Spotlight on models' health

It's fashion show season world wide and once again models and eating disorders are making the headlines.

by: Reuters 2007 | 16 Feb 2007

Backstage at 9 a.m. one day, the breakfast buffet included champagne, miniature pastries, coffee and caffeinated energy drinks.

"Champagne has always been served. We take one sip. None of the girls get drunk," said Polish model Magdalena Frackowiak, who at 19 is below New York's 21-year-old legal drinking age.

A spokesman for the Fashion Week organization denied models were making themselves vomit backstage. "It is not something we have had a historical issue with or something we that our staff have seen on site this season," he said on condition of anonymity.

No time to eat

Model after model says she has a high metabolism and no time for proper meals between shows.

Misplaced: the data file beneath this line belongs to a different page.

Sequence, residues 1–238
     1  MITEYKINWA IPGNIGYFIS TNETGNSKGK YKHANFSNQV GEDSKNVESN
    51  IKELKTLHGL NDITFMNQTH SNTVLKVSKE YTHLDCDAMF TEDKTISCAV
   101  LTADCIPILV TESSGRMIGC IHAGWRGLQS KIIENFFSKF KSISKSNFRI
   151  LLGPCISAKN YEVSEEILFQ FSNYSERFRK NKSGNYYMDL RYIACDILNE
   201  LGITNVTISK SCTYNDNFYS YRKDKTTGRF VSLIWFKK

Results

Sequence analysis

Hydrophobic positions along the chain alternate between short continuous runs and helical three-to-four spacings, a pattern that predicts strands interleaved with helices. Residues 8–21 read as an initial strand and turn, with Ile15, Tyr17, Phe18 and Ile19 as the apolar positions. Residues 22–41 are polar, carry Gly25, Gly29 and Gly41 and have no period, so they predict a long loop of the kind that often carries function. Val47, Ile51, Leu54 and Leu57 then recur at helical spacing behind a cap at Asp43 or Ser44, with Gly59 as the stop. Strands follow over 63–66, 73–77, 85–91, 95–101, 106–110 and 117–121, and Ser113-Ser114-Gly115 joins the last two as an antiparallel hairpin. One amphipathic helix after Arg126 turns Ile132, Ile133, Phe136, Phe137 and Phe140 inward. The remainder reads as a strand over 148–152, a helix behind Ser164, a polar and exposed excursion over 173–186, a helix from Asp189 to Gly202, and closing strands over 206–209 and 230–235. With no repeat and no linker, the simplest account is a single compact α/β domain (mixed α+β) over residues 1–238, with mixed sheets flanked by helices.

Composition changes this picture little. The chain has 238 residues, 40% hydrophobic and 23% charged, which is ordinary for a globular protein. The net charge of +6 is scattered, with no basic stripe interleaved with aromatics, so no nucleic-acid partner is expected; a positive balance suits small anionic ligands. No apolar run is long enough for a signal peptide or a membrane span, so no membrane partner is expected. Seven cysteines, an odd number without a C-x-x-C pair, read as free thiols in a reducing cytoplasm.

Skinny models dated back to Twiggy in the 1960s, said Nian Fish of the designer council's health initiative. She said the group could not demand heavier models. "It would be like asking Rubens to paint skinny women and the New York City Ballet to use bigger size ballerinas."

Council President Diane von Furstenberg insisted the group was right not to enforce weight guidelines by demanding that models have a minimum body-mass index, expressed as a ratio of weight to height, or demanding they pass a medical exam.

Milan is the only city of the four world fashion centers, with New York, London and Paris to ban models with a body-mass index of less than 18.5 from shows. That means a 5-foot-8 inch (1.73 meter) model must weigh at least 122 pounds (55.4 kg).

A Democratic New York councilwoman is pushing a law banning models with indexes under 18.5 from city runways.

The scrutiny followed two deaths. Uruguayan Luisel Ramos died after a heart attack, reportedly after months of eating only lettuce and diet soda, and Brazil's Ana Carolina Reston died from an anorexia-related infection after eating only apples and tomatoes.

Nearly 10 million American women and 1 million men battle eating disorders such as anorexia or bulimia, according to the National Eating Disorders Association.

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